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Digital innovation new focus of research investment

Article I Rosie O’Keeffe

Photography I Kylie Browne


An on-farm demonstration of digital technologies has been developed at the University of Sydney’s Narrabri farm “Llara”. Rosie O’Keeffe gains insight into how DigiFarm has brought together the community, farmers and environmental stakeholders as a new key research project for the site and how other key findings continue to impact agricultural practices in north west NSW and further afield.

Demonstrating digital technologies to farmers has become a key focus of the University of Sydney’s research centre at Narrabri in North West NSW.


The site, which was initially established by the university and the NSW Wheat Research Foundation, has been a hub for grains research for more than 60 years and is one the longest running farmer-research collaborations in Australia.


And now, the facility is maintaining its recognition as an important scientific institute with a new state-of-the-art $13 million International Centre of Crop and Digital Agricultural Excellence facility currently under construction, in addition to its newly developed key research project DigiFarm.


“We could see a future in digital technologies and a knowledge gap in the region, so we applied for some funding under the Australian Government’s Smarter Farming Partnerships Landcare Program to set-up a demonstration farm to showcase some digital technologies to farmers. DigiFarm has more than 200 sensors monitoring our farm 24 hours a day, 7 days a week for soil, water and biodiversity,” Director of Northern Agriculture at the site, Dr Guy Roth explains.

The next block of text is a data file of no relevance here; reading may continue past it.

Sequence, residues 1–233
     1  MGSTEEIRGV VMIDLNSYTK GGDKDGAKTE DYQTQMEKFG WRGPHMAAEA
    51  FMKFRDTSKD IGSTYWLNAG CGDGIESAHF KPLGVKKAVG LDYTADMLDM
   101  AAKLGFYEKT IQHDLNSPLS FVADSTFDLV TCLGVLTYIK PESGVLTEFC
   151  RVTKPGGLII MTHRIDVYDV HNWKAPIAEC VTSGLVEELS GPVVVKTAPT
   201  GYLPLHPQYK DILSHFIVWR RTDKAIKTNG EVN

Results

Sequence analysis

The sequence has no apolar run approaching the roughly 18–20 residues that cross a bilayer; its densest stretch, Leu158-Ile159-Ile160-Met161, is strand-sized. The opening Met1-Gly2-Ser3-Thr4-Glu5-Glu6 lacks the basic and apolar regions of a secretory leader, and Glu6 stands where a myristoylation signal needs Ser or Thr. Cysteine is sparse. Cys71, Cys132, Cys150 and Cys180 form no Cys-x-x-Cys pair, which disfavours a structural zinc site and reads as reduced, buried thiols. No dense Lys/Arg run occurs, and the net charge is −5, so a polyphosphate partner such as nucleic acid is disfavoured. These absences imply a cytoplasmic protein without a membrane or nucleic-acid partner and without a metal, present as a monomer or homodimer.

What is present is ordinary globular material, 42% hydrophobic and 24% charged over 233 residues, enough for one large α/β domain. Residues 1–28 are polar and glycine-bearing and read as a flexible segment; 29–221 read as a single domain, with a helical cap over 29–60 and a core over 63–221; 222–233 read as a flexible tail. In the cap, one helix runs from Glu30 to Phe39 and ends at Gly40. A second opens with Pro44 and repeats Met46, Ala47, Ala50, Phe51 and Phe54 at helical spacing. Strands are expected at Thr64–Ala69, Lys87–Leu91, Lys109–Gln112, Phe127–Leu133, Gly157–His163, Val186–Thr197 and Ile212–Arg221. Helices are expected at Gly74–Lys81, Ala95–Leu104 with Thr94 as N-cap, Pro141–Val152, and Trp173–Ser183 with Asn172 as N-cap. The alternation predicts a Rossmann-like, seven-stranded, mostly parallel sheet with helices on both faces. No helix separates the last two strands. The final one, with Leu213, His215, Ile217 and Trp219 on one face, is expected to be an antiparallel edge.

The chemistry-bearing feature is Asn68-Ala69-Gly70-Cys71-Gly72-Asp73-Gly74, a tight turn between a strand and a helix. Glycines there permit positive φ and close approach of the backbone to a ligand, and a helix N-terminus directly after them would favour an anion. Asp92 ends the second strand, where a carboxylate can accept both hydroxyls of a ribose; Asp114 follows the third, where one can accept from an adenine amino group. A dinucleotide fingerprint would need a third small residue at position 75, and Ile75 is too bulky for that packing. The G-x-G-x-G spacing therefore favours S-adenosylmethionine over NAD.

Around 20 companies including Goanna Ag have provided technology to be used for the project, from soil moisture systems, cameras, livestock weighing, pasture and crop monitoring, insect smart-traps, robotic weed spraying, biodiversity sensors, and feral wild pig tracking.


Delta Ag has been involved in the DigiFarm project through Goanna’s soil moisture and tank/trough monitoring technologies. In addition, Delta Ag supplied and installed two Terrasonde soil moisture probes and base stations for the project.


Despite the evaluation initially planned to be completed next year, it is anticipated with the establishment of the new facility, the demonstration site will also be still operational and will continue an as ongoing core project at the Narrabri site.


“Our aim has been to demonstrate what digital technologies work and through the process we have certainly found some that don’t work, and I believe it starts a long journey in the digital agriculture space,” Dr Roth says.